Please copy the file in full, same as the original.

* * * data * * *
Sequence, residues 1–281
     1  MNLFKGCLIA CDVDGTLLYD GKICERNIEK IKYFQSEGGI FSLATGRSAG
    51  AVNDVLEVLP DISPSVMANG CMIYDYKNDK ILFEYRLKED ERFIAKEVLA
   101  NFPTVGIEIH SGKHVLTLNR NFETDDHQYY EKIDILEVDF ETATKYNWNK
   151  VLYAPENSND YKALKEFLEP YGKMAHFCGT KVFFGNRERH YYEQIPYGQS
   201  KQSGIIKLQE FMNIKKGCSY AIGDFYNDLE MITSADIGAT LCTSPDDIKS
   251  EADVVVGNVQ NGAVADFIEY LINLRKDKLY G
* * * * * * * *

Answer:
Sequence, residues 1–281
     1  MNLFKGCLIA CDVDGTLLYD GKICERNIEK IKYFQSEGGI FSLATGRSAG
    51  AVNDVLEVLP DISPSVMANG CMIYDYKNDK ILFEYRLKED ERFIAKEVLA
   101  NFPTVGIEIH SGKHVLTLNR NFETDDHQYY EKIDILEVDF ETATKYNWNK
   151  VLYAPENSND YKALKEFLEP YGKMAHFCGT KVFFGNRERH YYEQIPYGQS
   201  KQSGIIKLQE FMNIKKGCSY AIGDFYNDLE MITSADIGAT LCTSPDDIKS
   251  EADVVVGNVQ NGAVADFIEY LINLRKDKLY G